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Many landlords have been watching the latest shenanigans on the world’s stock markets with bemusement and a certain amount of relief.

Whilst the FTSE 100 is now down over 10% in the last month the UK housing market seems to be quietly ticking upwards. Rightmove has just revealed that average house price inflation in England and Wales grew to 12.8% in August, up from 10.3% in early July.

So is there anything for landlords to worry about?

Sub-prime – what’s it all about?

The media has been reporting for some time that there are problems in the US housing market. This all stems from lending to individuals with low credit scores. The slump in the US housing market combined with rising interest rates has meant many of these borrowers are throwing in the towel and defaulting on their loans.

The problem for the world’s financial system with these loans is that many have been packaged up with less risky loans and sold or syndicated to other financial institutions. These institutions then use these assets as security to enable them to loan to somebody else. The analogy that Merry Somerset Webb editor of Moneyweek uses is that of an ‘off’ sausage. If eaten it would make one person very ill. However, what the financial ‘wizz kids’ have been doing is chopping this sausage up and putting it into lots of other sausages to make it more palatable. The result is that rather making one person very ill everybody potentially could end up a little bit poorly.

So how does this affect me as a landlord?

Thin end of the wedge

Unfortunately, the sub prime debacle is the thin end of the wedge. The booming world economy, stock markets, asset price inflation have all meant that lenders have been getting more and more lax in their lending criteria. The sub prime phenomenon in the US is a high profile manifestation of what has been happening in credit markets across the world. This includes lending on buy-to-let property.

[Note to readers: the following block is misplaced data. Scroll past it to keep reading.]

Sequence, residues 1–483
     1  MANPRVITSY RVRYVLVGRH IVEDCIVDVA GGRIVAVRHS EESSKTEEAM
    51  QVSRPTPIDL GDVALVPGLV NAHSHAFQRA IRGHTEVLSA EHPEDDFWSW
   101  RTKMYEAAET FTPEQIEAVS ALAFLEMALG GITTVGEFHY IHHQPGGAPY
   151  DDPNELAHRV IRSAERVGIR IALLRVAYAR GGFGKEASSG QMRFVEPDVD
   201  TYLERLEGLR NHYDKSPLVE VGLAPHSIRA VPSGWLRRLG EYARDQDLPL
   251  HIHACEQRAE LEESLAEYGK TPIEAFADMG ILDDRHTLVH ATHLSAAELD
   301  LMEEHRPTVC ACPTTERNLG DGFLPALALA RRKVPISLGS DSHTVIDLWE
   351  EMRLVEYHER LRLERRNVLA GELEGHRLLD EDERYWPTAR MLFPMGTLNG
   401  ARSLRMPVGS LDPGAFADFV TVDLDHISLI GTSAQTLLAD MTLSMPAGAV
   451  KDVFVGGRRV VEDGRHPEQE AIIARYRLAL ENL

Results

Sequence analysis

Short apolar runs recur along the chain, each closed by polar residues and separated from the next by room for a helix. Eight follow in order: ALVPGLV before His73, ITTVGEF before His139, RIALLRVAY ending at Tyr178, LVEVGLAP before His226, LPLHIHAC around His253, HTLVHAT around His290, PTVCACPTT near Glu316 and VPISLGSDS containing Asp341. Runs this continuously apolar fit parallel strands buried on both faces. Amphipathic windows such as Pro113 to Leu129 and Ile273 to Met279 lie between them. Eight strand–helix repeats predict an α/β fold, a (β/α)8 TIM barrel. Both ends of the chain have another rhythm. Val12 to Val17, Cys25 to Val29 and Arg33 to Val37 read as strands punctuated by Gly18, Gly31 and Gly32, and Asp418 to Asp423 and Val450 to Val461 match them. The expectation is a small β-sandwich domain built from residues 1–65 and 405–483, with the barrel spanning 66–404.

It may come as a surprise but banks actually like lending money to landlords.

Confused? – need advice from award winning professionals on mortgage finance

They make lots of money initially by writing mortgages and charging landlords up front fees and then subsequently through the margin on the interest they charge i.e. the difference between the costs of the money they borrow and the interest rate they charge the landlord.

Banks therefore want to lend as much as possible to as many landlords as they can. The crunch comes, when landlords or borrowers default on their loans and when as was the case in the early 90’s the amount the mortgage companies lent was more than the value of the property –the so called negative equity. This is the bit that is painful and the bit that tempers banks urge to lend.

How do I get access to buy-to-let insurance used by professional investors?

The looming credit crunch

Many lenders are able to balance their risk profile by writing a mortgage and taking a profit but then not holding on to them. What they do is package up many buy-to-let mortgages and then sell them on to financial institutions such as hedge funds in a process called syndication. This means they are not left ‘holding the baby’ should the borrower default. As long as the banks can do this the incentive is to get involved with riskier and riskier products, making a profit and then selling the risk on to somebody else.

All this is fine and dandy until the hedge funds and other financial institutions that have being buying these syndicated loans get scared and don’t want to buy them anymore because they start getting worried about the risk they are taking. Mortgage lenders are then left holding too many risky mortgages and they ‘ain’t happy’.

This is when the buy-to-let credit crunch hits. Mortgage companies start to cut back on their more risky products such as high loan to value buy-to-let mortgages or low rental cover buy-to-let mortgages because no longer can they flog them on to somebody else. So what do I do as a landlord?

Landlord’s action
For most landlords, the answer is just to sit tight. The impending credit crunch will have little short term impact. A landlord’s loan payments remain the same and as long as they have a tenant there is no need to panic. In fact, if anything the chances of another interest rate rise this year has somewhat reduced.

However, for those landlords that are thinking of remortgaging, especially if you are after a high loan to value or have low rental coverage the message is clear. Do it now! The banks and mortgage companies look to review their products every month and they will all be looking at ways that they can reduce their risk in light of a more restrictive credit market. This means cutting the numbers of riskier buy-to-let mortgage products and demanding a higher premium for them, making it more expensive for landlords.


COMING SOON – a special feature on DEVELOPMENT FINANCE and how LANDLORDS can reduce their risk in a falling market by actually increasing their borrowing.



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